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<nettime-ann> [call] CFP: Creating Autonomous Spaces
Greig de Peuter on Sat, 11 Feb 2006 11:25:52 +0100 (CET)

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<nettime-ann> [call] CFP: Creating Autonomous Spaces


Call For Papers

Affinities: A Journal of Radical Theory, Culture, and Action

Special Issue #1: "Creating Autonomous Spaces"
(See Journal Description Below)

=46rom pirate enclaves to utopian communities, from
communal republics to occupied zones, the history
of constituted power has always also been the
history of radical experiments in spaces that are
other than, alternative to, within and against.

The first issue of Affinities: A Journal of
Radical Theory, Culture, and Action is dedicated
to a critical discussion of the contemporary
manifestations, and future prospects of,
autonomous spaces around the world. We are
seeking submissions not only from those who
"study" such spaces, but also from those who are
actively engaged in their creation.

Recent years have offered us manifold examples of
autonomous spaces, including the occupation of
old factories in Argentina, the occupation of
rural land by the Brazilian Landless Workers
Movement, and spaces or caucuses created by those
marginalized within broader radical movements,
including Anarchist People of Colour and the
Zapatista Revolutionary Law for Women.

Yet everywhere these experiments are constantly
imperiled, suffering repression, recuperation, or
simply exhaustion. Furthermore, careful attention
to power relations suggests that these spaces
themselves are not islands free of oppression,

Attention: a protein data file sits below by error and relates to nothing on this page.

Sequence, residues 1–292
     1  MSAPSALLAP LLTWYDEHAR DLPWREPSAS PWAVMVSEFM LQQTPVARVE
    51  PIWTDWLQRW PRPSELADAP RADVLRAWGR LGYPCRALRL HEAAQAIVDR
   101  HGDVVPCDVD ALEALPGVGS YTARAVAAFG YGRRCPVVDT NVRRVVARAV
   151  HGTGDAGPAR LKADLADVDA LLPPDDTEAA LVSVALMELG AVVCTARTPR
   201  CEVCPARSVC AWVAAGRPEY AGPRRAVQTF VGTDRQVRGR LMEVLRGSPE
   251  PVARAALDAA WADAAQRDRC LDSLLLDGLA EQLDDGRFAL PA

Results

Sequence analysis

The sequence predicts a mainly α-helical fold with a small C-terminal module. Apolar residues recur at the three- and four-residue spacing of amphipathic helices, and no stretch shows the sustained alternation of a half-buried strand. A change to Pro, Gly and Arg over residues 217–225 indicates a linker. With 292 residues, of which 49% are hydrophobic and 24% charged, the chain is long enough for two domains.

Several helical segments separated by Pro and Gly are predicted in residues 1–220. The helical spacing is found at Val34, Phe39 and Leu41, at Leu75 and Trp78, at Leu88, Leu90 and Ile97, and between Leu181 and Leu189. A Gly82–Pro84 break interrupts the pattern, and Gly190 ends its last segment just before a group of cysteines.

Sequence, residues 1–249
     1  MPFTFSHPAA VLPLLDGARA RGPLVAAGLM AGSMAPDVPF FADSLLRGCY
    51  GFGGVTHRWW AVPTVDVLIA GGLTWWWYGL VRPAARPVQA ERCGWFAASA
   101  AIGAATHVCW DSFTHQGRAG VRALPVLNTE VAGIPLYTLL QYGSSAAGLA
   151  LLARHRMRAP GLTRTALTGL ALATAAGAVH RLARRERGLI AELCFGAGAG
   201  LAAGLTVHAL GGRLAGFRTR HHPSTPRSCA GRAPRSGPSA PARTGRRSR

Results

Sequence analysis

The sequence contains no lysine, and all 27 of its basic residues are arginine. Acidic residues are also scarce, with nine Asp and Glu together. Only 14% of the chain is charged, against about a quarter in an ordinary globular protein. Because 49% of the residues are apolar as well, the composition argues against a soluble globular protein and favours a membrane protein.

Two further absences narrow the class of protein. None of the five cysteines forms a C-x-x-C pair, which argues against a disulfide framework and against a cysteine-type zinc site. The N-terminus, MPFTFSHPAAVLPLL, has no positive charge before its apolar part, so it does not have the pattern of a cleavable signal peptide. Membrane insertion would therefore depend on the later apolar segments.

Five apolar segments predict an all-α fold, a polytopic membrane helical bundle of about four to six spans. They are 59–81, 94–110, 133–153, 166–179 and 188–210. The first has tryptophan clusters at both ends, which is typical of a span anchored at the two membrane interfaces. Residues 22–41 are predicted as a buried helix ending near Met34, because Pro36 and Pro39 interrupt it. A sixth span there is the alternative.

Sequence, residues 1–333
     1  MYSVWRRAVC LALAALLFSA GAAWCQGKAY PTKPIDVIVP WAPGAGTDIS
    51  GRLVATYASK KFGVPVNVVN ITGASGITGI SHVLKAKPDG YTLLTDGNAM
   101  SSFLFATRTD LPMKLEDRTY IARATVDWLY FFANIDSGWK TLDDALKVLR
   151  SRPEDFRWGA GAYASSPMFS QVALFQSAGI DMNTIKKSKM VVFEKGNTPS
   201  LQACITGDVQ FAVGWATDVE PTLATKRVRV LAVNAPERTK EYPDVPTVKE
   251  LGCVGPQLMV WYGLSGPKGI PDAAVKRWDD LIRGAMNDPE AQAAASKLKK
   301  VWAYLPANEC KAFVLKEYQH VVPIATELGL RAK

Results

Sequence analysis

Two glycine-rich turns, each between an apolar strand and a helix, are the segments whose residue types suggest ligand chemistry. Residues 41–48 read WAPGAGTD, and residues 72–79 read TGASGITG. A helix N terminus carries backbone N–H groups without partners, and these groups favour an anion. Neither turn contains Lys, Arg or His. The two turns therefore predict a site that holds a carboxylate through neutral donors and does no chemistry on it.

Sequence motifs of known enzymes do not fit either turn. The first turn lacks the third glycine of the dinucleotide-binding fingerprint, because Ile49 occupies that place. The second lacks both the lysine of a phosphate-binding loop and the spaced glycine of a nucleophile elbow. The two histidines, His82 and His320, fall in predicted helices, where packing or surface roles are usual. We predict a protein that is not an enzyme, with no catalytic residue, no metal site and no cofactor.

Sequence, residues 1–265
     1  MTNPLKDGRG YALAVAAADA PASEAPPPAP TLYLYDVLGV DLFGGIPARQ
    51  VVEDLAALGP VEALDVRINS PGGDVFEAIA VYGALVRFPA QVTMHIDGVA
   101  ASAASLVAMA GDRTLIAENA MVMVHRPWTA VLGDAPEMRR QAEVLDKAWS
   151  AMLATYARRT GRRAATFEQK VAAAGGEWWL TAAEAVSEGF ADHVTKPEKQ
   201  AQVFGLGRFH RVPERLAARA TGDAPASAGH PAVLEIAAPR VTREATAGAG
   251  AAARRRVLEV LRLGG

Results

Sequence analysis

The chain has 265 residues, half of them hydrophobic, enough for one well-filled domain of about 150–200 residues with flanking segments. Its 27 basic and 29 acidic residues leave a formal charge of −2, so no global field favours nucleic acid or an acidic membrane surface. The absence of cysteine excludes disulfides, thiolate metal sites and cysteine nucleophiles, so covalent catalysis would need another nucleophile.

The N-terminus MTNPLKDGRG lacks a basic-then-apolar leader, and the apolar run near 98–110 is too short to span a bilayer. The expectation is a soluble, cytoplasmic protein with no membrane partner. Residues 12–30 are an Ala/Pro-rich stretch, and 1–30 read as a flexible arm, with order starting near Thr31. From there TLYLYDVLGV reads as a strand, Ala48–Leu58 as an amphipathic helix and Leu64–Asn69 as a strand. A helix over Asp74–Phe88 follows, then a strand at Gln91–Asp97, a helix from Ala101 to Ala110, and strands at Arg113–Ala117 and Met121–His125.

untouched by the micro-practices of domination.

Submissions may deal with some of the following areas of inquiry:

=B7      Where can we find innovative and inspiring
examples of autonomous spaces? What can we learn
from these experiments? How do we gauge their
effectiveness? Are they to be considered
outposts, enclaves, or part of a utopian exodus?

=B7      How are these experiments interacting with
radical theoretical traditions?

=B7      How are such experiments conceiving of,
and confronting the relationship between,
struggles around sexuality, race, gender, class
and ability, to name a few?

=B7      Of what importance is the relationship
between the physical (or virtual) site and the
modes of political organization enacted within

=B7      What communicative strategies are these spaces adopting?

=B7      To what degree can these spaces, and the
tactics characterizing them, be transplanted, and
at what cost?

  Format and Deadlines

Submissions are requested electronically in .doc
or .rtf format as an attachment sent to 2eob
--(at)-- qlink.queensu.ca by Friday, April 14,

Publishing Policy

The journal seeks to work across boundaries
through its commitment to challenging the
distinction between academic and activist
writing. For those who want to have their
submissions peer-reviewed, the journal maintains
an editorial board composed of university-based
researchers. For those who do not want or need
the trappings of academic publishing, we offer a
parallel stream in which decisions are made by
the publishing collective and issue editors. In
the journal itself no formal distinctions are
made between these two streams, and we are
particularly interested in articles that would be
difficult to classify as belonging solely in
either of them.

An Introduction to the Journal

Affinities: A Journal of Radical Theory, Culture, and Action

Editorial Perspective

Affinities is a web-based journal that focuses on
groups, movements, and communities that set out
to construct sustainable alternatives to the
racist, hetero-sexist, system of
liberal-capitalist nation-states. We are
interested in questions such as: What kind of
experiments are out there, beyond the state and
corporate forms? How are they working, what
obstacles are they encountering? What are people
doing to emulate their successes and avoid their
failures? How do these experiments relate to
various histories of radical struggle? How do we
build lasting culture(s) of resistance and

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